His work has been shown most recently in a solo museum exhibition at the Aldrich Museum, his works have also been exhibited at the Weatherspoon Art Museum, Greensboro, N. C., University Art Museum, SUNY Albany, NY., The American Academy of Arts and Letters and New Britain Museum of American Art. He is represented by Derek Eller Gallery, and David Nolan Gallery in New York, and has recent shows at Daniel Weinberg Gallery, Los Angeles, Mario Diacono, Boston, and Galerie Rolf Ricke, Köln, Germany. His work is in the collections of The Museum of Fine Arts, Boston, The Museum of Modern Art, and the Whitney Museum of American Art in New York and he has received the
Louis Comfort Tiffany Foundation Award, Rosenthal Award from the American Academy of Arts and Letters and a Guggenheim Fellowship Award.

March 7: Peter Soriano

Peter Soriano was born in 1959 in Manila, Philippines and now lives and works in New York and Maine. He received his BA from Harvard College in Cambridge and the Skowhegan School of Painting and Sculpture in Maine both in in 1981. Originally a sculptor Soriano moved to a more temporal medium and began to work primarily in drawing and wall sized murals in the early 2000's. He considers drawing as a vehicle to locate various physical, metaphorical and psychological spaces and his room installations elicit both a physical and thoughtful response.

His work has been shown at numerous museums and galleries here and in Europe including his recent installation "Permanent Maintenance" at Colby College Museum of Art Waterville, ME, the Fogg Art Museum, Harvard University, the Museum of Contemporary Art in Denver, CO, Busan Museum of Art, Busan, South Korea, Center for Maine Contemporary Art, Lennon, Weinberg Gallery, Inc., NY, Galerie Jean Fournier, Paris, France. Reviews of his work have appeared in the New York Times, Art in America, ARTnews, Time Out and Hyperallergic. His work is in the collections of the Fogg Art Museum, Harvard University, Foundation Cartier pour l'art contemporain, Paris, France, the Morgan Library & Museum, New York, NYand the Musée des Beaux Arts, Tourcoing, France amoung others. He is represented by Lennon Weinberg in New York, Galerie Jean Fournier, Paris, Gallerie Bernard Jordan, Zurich.

March 28: Amer Kobaslija

Amer Kobaslija was born in 1975 in Banjaluka, Bosnia. In 1993 he fled his war-ravaged homeland landing in a refugee camp in Nuremberg, Germany. Later he traveled to Düsseldorf, where he attended the Kunst Akademie. In 1997, Kobaslija was offered asylum by the United States and immigrated to Florida. There in Sarasota he completed his Bachelor of Fine Arts at the Ringling College of Art and Design. In 2003 he went on to pursue a Master of Fine Arts degree at the Montclair College of the Arts in New Jersey and has since established his base in New York City. Kobaslija teaches studio art at Gettysburg College in Pennsylvania.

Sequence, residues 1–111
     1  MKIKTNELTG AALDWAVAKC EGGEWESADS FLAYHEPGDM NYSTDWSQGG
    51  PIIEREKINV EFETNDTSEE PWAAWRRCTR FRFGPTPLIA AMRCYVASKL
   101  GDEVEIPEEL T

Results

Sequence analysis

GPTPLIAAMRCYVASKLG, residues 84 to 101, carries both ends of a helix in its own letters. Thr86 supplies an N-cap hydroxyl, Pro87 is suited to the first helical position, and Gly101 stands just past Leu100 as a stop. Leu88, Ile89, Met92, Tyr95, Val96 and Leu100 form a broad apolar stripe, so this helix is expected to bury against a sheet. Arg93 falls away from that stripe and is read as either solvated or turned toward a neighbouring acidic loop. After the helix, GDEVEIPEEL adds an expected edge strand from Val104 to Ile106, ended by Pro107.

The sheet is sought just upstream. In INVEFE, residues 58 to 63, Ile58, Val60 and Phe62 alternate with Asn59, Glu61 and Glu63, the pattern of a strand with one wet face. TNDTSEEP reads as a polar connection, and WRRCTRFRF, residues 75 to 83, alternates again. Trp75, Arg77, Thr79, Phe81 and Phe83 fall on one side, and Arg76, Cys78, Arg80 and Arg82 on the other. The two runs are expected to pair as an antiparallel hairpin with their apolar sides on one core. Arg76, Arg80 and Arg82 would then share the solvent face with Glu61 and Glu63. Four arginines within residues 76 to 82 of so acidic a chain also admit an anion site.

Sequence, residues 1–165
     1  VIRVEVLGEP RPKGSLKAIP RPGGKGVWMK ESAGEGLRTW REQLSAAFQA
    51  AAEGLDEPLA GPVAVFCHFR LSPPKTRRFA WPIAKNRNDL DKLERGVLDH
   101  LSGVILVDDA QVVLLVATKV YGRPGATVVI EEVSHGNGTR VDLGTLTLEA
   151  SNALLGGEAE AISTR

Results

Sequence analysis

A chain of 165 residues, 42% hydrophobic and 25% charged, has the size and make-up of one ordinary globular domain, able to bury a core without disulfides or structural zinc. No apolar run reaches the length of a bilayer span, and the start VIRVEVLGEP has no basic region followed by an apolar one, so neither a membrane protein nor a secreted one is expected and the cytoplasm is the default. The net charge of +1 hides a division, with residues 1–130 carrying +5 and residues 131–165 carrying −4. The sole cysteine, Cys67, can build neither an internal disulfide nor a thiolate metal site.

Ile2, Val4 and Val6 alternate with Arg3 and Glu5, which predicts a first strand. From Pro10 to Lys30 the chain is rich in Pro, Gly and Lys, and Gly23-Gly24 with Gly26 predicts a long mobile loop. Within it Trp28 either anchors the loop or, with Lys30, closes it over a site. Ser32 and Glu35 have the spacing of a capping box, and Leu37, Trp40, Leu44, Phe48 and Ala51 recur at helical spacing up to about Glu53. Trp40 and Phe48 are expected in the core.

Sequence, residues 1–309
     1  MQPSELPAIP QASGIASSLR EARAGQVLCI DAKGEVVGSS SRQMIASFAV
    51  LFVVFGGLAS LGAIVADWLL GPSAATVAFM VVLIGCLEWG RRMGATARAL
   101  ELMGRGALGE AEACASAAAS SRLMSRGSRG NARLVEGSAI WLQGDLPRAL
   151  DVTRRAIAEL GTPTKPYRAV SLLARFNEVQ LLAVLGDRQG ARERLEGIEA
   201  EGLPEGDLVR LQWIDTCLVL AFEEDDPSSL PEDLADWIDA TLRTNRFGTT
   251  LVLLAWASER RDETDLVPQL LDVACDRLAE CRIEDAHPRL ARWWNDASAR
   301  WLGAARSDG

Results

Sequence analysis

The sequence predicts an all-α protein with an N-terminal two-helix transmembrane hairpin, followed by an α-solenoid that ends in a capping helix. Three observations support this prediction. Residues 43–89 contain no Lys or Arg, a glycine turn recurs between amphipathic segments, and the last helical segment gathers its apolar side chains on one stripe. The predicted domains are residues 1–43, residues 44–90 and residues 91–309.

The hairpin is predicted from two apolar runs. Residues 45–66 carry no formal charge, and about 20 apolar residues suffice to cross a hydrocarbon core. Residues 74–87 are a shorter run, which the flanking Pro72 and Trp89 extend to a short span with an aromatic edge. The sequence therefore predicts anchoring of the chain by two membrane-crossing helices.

In 2005, he was awarded a grant from the Joan Mitchell Foundation; the following year, he received a grant from the Pollock-Krasner Foundation. A 2013 Guggenheim Fellow for painting, Kobaslija has had numerous one-person exhibitions in Paris, New York, Los Angeles, San Francisco, and New Orleans. He is represented by George Adams Gallery in New York where he has had seven solo shows in the last decade, including the 2015-16 traveling survey exhibition "Amer Kobaslija: Places, Spaces." In conjunction with this exhibition, George Adams Gallery published a comprehensive monograph on Kobaslija's art and life.
 
Kobaslija's paintings have been reviewed and reproduced in numerous publications including The New York Times, Art in America, ARTNews, Art & Antiques, New York Magazine, New York Time Out, The Village Voice, The Florida Times Union, The San Francisco Chronicle and The Japan Times.

April 4: Peter Williams

Peter Williams was born in the early 1950's in Nyack, NY, he lives and works in Willington, where he teaches at the University of Delaware. He received a M.F.A. from Maryland Institute College of Art and a B.F.A. from the Minneapolis College of Art and Design. There was a buzz around his 2015 show at Novella Gallery and his 2013 show at Foxy Productions, both in NY; but already in 2007 Tom Micchelli of Hyperallergic had written, "Peter Williams is a troubling painter for troubling reasons. There is a disconnect between his sophisticated paint handling-which can veer from dry pointillist dots to hard-sculpted tonalities to bejeweled washes and drips, all in the same picture-and the low-culture effrontery of his images."

Williams himself says it like this: "I slowly have come to realize that some of the police in this country think they have permission to kill minorities. They already incarcerate millions and they are, simply put, exterminating the rest. It's shocking that this continues even though there is documentation and videos of these acts of violence. So I feel free to expose this ignorance and make art that bears witness to these events."

He has shown consistently for the last 40 years and his work is in the collections of Whitney Museum of American Art, The Walker Art Center in Minneapolis, and the Detroit Institute of the Arts. He received the Joan Mitchell Foundation Fellowship and was included in the Whitney Biennale. 

April 11: Anthony Cudahy

Anthony Cudahy is a painter living and working in Brooklyn, NY. He received his BFA in 2011 from Pratt Institute, and co-curates a publishing project named Slow Youth. His work has appeared in shows across the United States and the UK. In 2016, he exhibited a body of paintings entitled NARSOLIPS at Cooler Gallery in Brooklyn and has also recently shown at Farewell Books (Austin, TX) and Mumbo's Outfit (Manhattan, NY). He has been in group shows at Hap Gallery, Deli Gallery, ATHICA, the Nancy Margolis Gallery, Vox Populi, the Perfect Nothing Catalog, and the Knockdown Center. His work has also been featured and reviewed in publications including Mossless, the Paris Review, Hello Mr., Marco Polo Quarterly, and Cakeboy. He is a former resident of the Artha Project.

This page was last updated on 02/17/2017.